In 1963, the Rev. Dr. Martin L. King, Jr. said, “The ultimate measure of a man is not where he stands in moments of comfort and convenience, but where he stands at times of challenge and controversy.”
It’s a message that strongly resonates with Darrell X. Rounds, FMA, C.E.M., Operations Group Manager with General Motors. Rounds has served 23 years with GM, where, two days after his college graduation, he started as a summer intern at the Delta Engine Plant’s Facilities department.
“Life gives us so many challenges, and the ability to react and make decisions quickly is necessary,” Rounds said. “This helps to determine where you stand on issues, and where you stand ultimately displays who are you as an individual.”
COVID-19 has presented unprecedented challenges.
March marks one year that Rounds and his team have managed the planning, coordination, and health of the GM headquarters at Renaissance Center in Detroit, since the start of the pandemic. The team tirelessly has worked to keep building occupants and workers safe.
“As a leader, you have to make decisions,” he said. “You can let the challenges come to you or you can go after them. However these challenges may come, analysis of the situation, planning and strategizing on a solution, and execution of an action plan to resolution is essential.”
Despite stay-at-home orders and lockdowns, Rounds and his team never really stopped working. They still came to the office because GM workers, particularly those in manufacturing, were deemed critical infrastructure employees. GM remained in the forefront at the onset of the pandemic, pivoting from making Corvettes and Suburbans to ventilators and surgical masks.
And it was up to Rounds and his team to make sure that GM’s World Headquarters, the Renaissance Center, as well as 30 other GM properties that he oversees across the U.S. were all up to snuff.
Leading Operations and Creating Value
Pre-pandemic, Rounds’ work days were filled with meetings and planning with his team. He would support his leaders and team members, kick off meetings, outline safety and operational protocols, and ensure that business plans were being executed.
Now, his days involve more planning for the day when employees will return back to the office as well as coaching and leading team members “putting them in the best place to be successful and empowering them to make decisions for the operation.”
Prior to COVID-19, the Renaissance Center could have up to 8,000 building occupants, with the public visiting retailers, including an optometry office, clothing stores, coffee shops, and several restaurants.
But once the pandemic hit, building occupancy fell to just 5 percent.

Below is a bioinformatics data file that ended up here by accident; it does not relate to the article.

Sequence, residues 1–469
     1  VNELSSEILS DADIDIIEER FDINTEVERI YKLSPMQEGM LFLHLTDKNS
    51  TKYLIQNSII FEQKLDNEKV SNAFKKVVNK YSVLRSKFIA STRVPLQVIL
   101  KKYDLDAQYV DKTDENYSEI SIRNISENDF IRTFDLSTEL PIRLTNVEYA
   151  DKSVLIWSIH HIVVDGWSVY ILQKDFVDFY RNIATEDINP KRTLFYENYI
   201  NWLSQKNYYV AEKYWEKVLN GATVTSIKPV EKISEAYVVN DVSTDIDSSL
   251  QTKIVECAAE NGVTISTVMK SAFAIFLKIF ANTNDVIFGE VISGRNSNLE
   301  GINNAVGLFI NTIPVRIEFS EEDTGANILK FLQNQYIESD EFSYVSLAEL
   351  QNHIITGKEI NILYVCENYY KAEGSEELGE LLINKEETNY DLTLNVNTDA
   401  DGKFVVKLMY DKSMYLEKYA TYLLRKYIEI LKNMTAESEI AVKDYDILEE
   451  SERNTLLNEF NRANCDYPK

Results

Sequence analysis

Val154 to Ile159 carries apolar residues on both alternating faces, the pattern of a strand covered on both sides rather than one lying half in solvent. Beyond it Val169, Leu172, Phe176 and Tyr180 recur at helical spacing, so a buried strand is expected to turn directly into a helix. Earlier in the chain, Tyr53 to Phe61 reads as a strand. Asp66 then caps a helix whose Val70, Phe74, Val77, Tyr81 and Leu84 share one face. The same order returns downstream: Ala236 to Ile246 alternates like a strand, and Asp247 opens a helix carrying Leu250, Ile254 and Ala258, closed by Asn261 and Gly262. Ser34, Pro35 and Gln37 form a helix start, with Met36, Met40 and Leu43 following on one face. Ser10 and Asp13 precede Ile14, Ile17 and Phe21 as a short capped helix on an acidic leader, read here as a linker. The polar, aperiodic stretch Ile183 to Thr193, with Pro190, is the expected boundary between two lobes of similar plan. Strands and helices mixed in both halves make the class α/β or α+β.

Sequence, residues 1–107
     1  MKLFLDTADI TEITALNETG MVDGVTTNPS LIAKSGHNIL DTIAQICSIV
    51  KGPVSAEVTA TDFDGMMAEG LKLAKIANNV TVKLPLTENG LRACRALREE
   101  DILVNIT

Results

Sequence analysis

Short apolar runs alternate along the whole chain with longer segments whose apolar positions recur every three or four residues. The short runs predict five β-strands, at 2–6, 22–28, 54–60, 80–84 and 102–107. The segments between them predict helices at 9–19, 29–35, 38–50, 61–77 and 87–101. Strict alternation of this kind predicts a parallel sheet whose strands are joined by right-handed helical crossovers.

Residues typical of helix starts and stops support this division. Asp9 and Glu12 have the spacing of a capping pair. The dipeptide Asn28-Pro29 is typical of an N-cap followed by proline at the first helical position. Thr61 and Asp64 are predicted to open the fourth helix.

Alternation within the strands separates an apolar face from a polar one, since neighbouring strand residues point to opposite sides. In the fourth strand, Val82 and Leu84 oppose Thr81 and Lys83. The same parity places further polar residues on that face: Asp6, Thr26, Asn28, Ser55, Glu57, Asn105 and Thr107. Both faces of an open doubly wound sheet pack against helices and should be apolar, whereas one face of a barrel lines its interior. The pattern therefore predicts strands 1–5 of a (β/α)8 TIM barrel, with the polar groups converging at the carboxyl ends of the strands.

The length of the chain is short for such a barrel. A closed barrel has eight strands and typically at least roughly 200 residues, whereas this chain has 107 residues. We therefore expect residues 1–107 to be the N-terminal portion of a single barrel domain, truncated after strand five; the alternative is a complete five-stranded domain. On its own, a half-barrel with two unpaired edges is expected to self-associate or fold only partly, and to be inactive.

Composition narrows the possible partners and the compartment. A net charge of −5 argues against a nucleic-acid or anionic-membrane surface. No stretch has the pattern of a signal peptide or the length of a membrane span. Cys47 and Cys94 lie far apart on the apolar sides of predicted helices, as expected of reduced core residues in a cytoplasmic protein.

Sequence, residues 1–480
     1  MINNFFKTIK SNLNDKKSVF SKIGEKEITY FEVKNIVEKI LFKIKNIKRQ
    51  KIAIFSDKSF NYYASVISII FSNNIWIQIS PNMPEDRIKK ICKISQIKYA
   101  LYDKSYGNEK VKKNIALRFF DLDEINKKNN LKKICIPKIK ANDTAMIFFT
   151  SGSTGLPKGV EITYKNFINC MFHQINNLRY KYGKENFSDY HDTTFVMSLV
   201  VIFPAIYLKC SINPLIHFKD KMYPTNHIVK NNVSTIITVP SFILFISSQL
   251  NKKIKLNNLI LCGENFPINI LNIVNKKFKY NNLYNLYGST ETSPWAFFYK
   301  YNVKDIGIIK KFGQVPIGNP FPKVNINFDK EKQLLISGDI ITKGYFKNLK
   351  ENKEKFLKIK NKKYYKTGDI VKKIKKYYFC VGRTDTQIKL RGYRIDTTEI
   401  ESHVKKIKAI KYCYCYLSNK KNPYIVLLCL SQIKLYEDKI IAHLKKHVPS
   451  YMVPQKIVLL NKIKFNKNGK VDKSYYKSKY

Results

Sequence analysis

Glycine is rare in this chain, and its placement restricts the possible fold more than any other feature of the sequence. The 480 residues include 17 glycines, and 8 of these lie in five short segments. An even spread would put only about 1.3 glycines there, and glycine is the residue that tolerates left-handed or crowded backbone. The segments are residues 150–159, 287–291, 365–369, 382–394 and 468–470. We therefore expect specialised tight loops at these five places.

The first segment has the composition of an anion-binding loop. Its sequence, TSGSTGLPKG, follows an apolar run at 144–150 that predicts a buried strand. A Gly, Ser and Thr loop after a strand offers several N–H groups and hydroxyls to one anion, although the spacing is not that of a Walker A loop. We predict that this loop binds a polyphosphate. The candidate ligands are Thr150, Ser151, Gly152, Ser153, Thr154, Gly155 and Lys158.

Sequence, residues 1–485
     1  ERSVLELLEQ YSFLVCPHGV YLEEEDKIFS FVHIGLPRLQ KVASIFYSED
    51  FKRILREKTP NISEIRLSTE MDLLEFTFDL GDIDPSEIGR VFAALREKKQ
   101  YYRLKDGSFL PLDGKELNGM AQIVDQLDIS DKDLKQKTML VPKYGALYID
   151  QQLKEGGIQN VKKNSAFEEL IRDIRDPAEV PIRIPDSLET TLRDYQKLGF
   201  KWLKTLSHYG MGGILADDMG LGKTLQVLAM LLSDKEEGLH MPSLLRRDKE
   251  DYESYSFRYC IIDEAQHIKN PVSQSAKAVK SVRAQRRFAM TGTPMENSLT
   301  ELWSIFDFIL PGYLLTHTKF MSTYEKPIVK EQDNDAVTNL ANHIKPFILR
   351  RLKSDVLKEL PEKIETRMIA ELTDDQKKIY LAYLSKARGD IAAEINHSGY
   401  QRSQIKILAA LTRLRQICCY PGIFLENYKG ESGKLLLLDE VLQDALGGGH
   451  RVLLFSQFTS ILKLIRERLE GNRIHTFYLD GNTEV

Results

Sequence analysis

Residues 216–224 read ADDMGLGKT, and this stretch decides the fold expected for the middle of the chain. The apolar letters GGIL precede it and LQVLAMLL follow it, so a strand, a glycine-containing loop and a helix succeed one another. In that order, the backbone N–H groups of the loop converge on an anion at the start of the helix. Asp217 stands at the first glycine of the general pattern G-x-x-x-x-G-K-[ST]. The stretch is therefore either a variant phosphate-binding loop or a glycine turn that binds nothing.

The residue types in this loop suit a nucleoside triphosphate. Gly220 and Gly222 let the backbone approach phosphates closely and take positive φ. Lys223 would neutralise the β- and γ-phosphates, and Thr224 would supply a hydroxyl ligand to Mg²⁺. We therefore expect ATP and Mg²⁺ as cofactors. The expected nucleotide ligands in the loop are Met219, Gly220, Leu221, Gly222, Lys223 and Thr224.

Rounds and his team quickly planned and configured a uniform way for Renaissance Center workers to safely enter the property. It began with questionnaires, temperature screening, strict mask requirements, and social distancing. And, the process needed to be seamless and smooth.
It Began With a Summer Internship
Rounds graduated in 1997, with his Bachelor of Science in Electrical Engineering from Michigan State University. He was on his way to business school, when he began looking for a summer job.
A friend, who worked with GM, helped him secure a summer internship with the company.
The rest is history. After the internship, Rounds took a full-time position and would later obtain his Master of Science degree in Construction Management from Eastern Michigan University.
As a young project engineer, facilities management appealed to Rounds. There were so many project opportunities given to him early on – installation of security surveillance, replacing boilers, installing truck docks, installation of building management systems, and even small-scale construction like pavement and roof repair.
“When you consider the nature of the project opportunities I was given along with the opportunity to interact with others,” he said. “It was enough for me to say, ‘Hey, this is kind of cool.’ So, I decided I was going to be a facilities guy for life.”
The job keeps him active, and Rounds’ family is completely supportive.
He encourages youth to explore pursuing an education in the management of buildings. If you’re good at planning and coordination, and you like challenges and problem solving, this just might be a solid career path.
“No matter what happens in society, you’re going to need buildings,” he said. “People are going to need a place to live, to manufacture products, space from which to market and sell their goods, and buildings to store various types of inventory.”
For Rounds, he has aspirations for a bigger executive leadership role.
“Even though it seems like I have a lot to manage, call me crazy, but I want more responsibility,” he said. “I’m beginning to establish my presence as a thought leader in this built environment space, and I welcome the opportunity to be a greater executive leader.”